How to win a hopeless case

I’ve often heard TheBusker chuckle about the many ways to win even the most hopeless of cases. ‘Everything’s winnable once you have a real, living and above all fallible judge sitting in front of you. Maybe you’ll start off chatting about the weather or a particular detail relevant only to him such as his mother’s health or son’s prospering career as a solicitor. But even if the usual lines of attack fail, you should always, and I mean always, have a scales of justice speech up your sleeve. Get that right and it’ll never fail.’

Yet despite the speech having entered the realms of legend, I still haven’t yet experienced it first hand. Well, until last week at least when closing speeches were due on the liability issue in the case I was fighting against him. So with this in mind, you’ll understand why a shiver went down my spine when TheBusker stood up and said,
‘Your Honour, the scales of justice…’

No! Not the scales of justice! Anything but that…please! I stood up to object almost as some kind of Pavlovian reaction. TheBusker gave me a kindly smile and sat down to allow me speak. Which exposed the fact that in reality I had no grounds for stopping him other than stamping my foot and moaning ‘it’s just not fair’. He then stood up to resume his speech.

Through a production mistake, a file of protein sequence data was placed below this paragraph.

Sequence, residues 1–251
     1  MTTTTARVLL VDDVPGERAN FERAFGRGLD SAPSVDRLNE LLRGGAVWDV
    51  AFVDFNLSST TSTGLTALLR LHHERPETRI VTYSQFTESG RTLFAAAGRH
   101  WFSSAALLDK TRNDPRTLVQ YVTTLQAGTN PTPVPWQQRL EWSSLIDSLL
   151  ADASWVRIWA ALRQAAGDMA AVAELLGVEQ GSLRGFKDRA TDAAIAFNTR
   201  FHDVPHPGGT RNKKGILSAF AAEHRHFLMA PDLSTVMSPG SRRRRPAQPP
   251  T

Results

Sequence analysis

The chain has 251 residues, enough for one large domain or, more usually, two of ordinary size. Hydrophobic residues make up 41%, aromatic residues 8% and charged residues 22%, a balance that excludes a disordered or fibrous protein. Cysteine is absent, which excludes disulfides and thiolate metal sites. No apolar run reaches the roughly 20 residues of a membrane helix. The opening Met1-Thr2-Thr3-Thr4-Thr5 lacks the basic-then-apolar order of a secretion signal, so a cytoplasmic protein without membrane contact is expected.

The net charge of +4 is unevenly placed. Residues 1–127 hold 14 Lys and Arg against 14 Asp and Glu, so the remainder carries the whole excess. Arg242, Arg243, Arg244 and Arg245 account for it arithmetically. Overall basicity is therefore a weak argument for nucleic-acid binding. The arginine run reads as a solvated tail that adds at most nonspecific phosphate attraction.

‘Your Honour, the scales of justice are a finely balanced instrument which have been used down the ages to settle disputes both great and indeed small. A constant in our lives which for most of our lives we simply take for granted. But very occasionally one is faced with an extraordinary decision where then scales are so finely balanced as not to be able to determine whether they are falling down on one side or the other. At those rare times it takes but…’

He theatrically dipped his hand into his suit pocket and as if from nowhere produced…

‘…a small feather to tip the scales one way or the other. Just the very smallest thing to make the difference between one side’s case and the other. Your Honour, this is one such rare cases in which the scales are indeed balanced. We say one thing and the other side say the other but in reality we are equally matched.’

His voice dropped as he continued.

‘Thankfully Your Honour, when the cases are indeed evenly matched then all we ever have to fall back on is the burden of proof and that lies today with the Claimant. Sadly for him, Your Honour, in the absence of that little feather…’ with which he dropped his own one to the ground, ‘the case must be dismissed.’

Well, it was obvious to us all that the judge was utterly charmed by the performance. After that no amount of my trying to tell him that our independent witness counted for enough feathers to fill a whole courtroom was ever going to change his mind.

BabyBarista is a fictional account of a junior barrister practising at the English Bar, written by barrister and writer Tim Kevan. For more information and to read posts from the last few years visit Cartoons by Alex Williams, author of 101 Ways to Leave the Law.

March 3, 2015 · Tim Kevan · Comments Closed
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